Heliotrope Architects designs Leitz Studio a DADU in Seattle
Floornature readers are familiar with a very popular category of architecture in Seattle: DADU, an acronym for detached accessory dwelling unit or, to use the lay term, “rear cottage”. An architectural unit legally authorized on the property, but not inside the dwelling and which, in addition, must meet certain criteria. A DADU consists of a part or set of parts designed by an architectural studio, i.e. by professionals and not as a DIY project. The minimum land area required for a DADU is 297 square meters in the single-family zone and, on its own, the dwelling must not exceed 92.9 square meters of gross floor area in the residential zone or 60 square meters in the residential zone. low height. Currently, DADUs cannot be built in coastal areas. Additionally, a DADU must meet all Seattle residential, building, mechanical, electrical, and energy code requirements that apply to single-family dwellings.
In short, despite the fact that it is located behind a main house and on the same land, a DADU is a real piece of architecture it can’t be improvised. This category of main residence expansion has allowed some densification of Seattle’s urban context and has seen the completion of a number of interesting design interventions, some of which we have already featured on our pages.
These certainly include the Studio Leitz DADU designed by Heliotrope Architects, a Seattle-based company known for its low-impact, sustainable design solutions that improve the places where they are built. Following the studio’s motto that “an exceptional place must be anchored in the present and committed to the future”, the intervention responds to the wishes of the clients, with great attention to the durability inherent in their work.
In this specific case, the project is for a DADU housing the freelance work studio of Aaron Leitz, a Seattle-based photographer specializing in interior design and architecture, who also often captures the work of Heliotrope Architects. The small 37 square meter building is located behind the Leitz couple’s residence in West Seattle and serves as photography studio and office for Aaron, as well as an exercise space for Kelsi, who is a professional Pilates instructor.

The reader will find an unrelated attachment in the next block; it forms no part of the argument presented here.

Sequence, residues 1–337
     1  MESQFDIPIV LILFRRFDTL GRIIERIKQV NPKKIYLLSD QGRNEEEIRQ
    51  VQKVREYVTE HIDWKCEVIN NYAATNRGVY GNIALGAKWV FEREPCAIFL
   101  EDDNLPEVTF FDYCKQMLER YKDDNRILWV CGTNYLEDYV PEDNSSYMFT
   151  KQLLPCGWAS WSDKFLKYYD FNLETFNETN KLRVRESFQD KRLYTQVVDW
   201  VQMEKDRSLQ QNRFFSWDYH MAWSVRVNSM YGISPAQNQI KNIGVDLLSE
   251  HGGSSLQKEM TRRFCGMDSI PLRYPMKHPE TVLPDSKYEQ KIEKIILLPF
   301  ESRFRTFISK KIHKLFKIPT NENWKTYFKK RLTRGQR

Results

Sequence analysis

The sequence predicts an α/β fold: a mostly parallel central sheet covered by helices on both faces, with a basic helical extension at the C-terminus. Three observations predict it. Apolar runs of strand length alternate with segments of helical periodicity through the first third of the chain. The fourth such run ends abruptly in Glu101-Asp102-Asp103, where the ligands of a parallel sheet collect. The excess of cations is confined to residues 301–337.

As mike mora d’Heliotrope Architects explains, the design brief called for a sky-lit studio that included a small powder room and a niche for a desk. Following the ideas of Aaron Leitz, not only a photographer but also an academic, philosopher, lover of the outdoors and the power of materials, dialogue with nature – both visual and material – plays a central role in the design.
A Douglas fir trellis between the studio and masonry storage block creates a weather-protected terrace with views across the house towards the Olympic Mountains. The terrace can accommodate a parked car if needed, as the building is adjacent to the driveway. In terms of materials, the building is clad in kiln-dried and particularly weather-resistant western red cedar (Thuja plicata) planks, as well as light cedar slats. The interior is finished with plaster walls, concrete flooring, plywood boxes and a curtain to control natural light.
Leitz Studio, built by Mētis construction, presents itself as a small architectural gem where working becomes a pleasant and fulfilling experience, literally at the doorstep of the owners.